The size of the zone inside which half the ball needs to hit for a Not Out decision to be reversed to Out will increase, changing to a zone bordered by the outside of off and leg stumps, and the bottom of the bails (formerly the centre of off and leg stumps, and the bottom of the bails).
This amendment will come into effect from 1 October (or from the start of any series using DRS that commences just prior to this date).
There was discussion about the calling of No balls, and the ICC will arrange a trial over coming months to better understand whether the third umpire could use instant replays to call No balls more accurately.
The trial is likely to be staged during one of the upcoming ODI series, and the third umpire will judge No balls within a few seconds of the ball being delivered and communicate this to the on-field umpire. Further details relating to the trial will be announced once finalized.
The ICC reiterated its position that the wearing of helmets in international cricket should not be mandatory, but that if a player decides to wear a batting helmet, then it must comply with the new British Standard (BS) – BS7928:2013.
There was concern that there were too many international cricketers not wearing BS compliant helmets, and that this needed to be more tightly regulated by the ICC.
It was agreed that Members will educate their players on the benefits of using BS compliant helmets, and the ICC Clothing and Equipment Regulations will be amended to reflect the decision that only BS compliant helmets may be worn when batting in international matches.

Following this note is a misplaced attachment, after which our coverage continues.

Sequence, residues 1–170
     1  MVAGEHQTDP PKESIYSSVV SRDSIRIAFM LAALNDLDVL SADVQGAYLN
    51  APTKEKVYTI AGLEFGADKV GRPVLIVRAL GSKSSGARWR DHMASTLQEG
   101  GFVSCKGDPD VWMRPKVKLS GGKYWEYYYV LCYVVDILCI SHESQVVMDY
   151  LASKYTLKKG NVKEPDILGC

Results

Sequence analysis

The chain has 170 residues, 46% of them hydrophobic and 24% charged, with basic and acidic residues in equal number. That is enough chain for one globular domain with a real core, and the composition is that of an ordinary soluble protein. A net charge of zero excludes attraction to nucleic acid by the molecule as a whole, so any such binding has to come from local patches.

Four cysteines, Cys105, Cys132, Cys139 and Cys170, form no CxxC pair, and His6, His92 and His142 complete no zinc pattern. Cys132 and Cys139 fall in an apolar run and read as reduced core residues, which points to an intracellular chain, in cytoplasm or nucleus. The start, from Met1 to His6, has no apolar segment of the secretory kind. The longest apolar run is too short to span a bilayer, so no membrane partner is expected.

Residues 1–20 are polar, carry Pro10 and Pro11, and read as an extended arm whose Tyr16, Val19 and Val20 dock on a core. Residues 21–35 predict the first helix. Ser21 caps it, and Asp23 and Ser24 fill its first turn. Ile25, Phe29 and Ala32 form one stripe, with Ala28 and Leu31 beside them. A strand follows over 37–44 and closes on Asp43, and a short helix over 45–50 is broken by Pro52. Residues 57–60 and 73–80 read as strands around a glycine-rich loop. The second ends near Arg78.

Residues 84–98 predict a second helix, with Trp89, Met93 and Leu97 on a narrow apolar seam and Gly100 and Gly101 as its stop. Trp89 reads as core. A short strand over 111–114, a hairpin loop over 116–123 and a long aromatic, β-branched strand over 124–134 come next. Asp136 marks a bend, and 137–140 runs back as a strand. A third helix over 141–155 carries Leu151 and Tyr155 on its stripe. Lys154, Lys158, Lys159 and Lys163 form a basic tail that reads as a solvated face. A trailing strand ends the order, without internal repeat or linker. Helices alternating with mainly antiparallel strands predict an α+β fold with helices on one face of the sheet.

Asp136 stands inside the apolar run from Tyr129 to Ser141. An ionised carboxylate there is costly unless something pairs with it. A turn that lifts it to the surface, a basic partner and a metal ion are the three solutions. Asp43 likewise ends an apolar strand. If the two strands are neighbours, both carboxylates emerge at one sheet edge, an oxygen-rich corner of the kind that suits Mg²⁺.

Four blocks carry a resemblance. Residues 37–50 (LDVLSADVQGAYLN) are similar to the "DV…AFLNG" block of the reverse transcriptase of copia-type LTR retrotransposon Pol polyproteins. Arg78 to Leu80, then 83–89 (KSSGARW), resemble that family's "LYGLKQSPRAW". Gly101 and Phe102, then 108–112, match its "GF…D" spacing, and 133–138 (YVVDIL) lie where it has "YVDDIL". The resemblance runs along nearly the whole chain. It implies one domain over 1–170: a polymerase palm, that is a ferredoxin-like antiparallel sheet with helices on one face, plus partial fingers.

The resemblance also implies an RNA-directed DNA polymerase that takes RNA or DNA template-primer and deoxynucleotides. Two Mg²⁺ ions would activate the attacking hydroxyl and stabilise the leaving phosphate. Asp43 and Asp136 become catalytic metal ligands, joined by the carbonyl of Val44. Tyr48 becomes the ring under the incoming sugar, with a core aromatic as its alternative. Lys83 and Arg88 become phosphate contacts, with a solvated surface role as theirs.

“The discretion of wearing a helmet continues to rest with the player, but if a player decides to wear a helmet then it has to be one which complies with the British Standard specifications.
This is part of ICC’s duty of care to prevent a player from picking up a serious injury as a result of a misperception that the helmet being worn is safe,” said Richardson.
The Chairman of the Anti-Corruption Unit, Sir Ronnie Flanagan, provided an annual update, including the progress made on the implementation of the Integrity Working Party recommendations, which were approved during last year’s ICC Annual Conference in Barbados.
The Board also approved the extension of the ICC Chief Executive’s contract, with Richardson agreeing to continue in the role through to the end of 2019 ICC Annual Conference.
Cricket Scotland thanked
Manohar described the 2016 Annual Conference as a huge success and thanked Cricket Scotland for hosting the summit.
“It has been a memorable gathering with many highlights throughout the week as well as being a highly productive period for all of the administrators in many ways.
With the overarching aim to make cricket The World’s Favourite Sport, we have addressed and tackled a number of important matters, strengthened old relationships and made new friendships.
“Some of the most significant projects remain work in progress but they are complex and require considerable attention and thought. Even in these areas, we have made big strides and I remain confident and optimistic that we will conclude that work as quickly as possible.
“On behalf of the entire cricket family, I want to thank Cricket Scotland for hosting this year’s Annual Conference in Edinburgh and for being an outstanding host. I wish Cricket Scotland all the very best both on and off the field,” said Manohar.
The ICC Board consists of the nominated representatives of each of the 10 Full Members plus three elected Associate Member representatives. The meeting is chaired by the ICC Chairman and also present is the ICC Chief Executive.
The ICC Chief Executives’ Committee comprises the Chief Executives of the 10 Full Members as well as three Associate Member representatives. Also present is the ICC Chief Executive who chairs the meeting, and, by invitation, the ICC Chairman, the Chairman of the ICC Cricket Committee and the Chair of the ICC Women’s Committee. —- ICC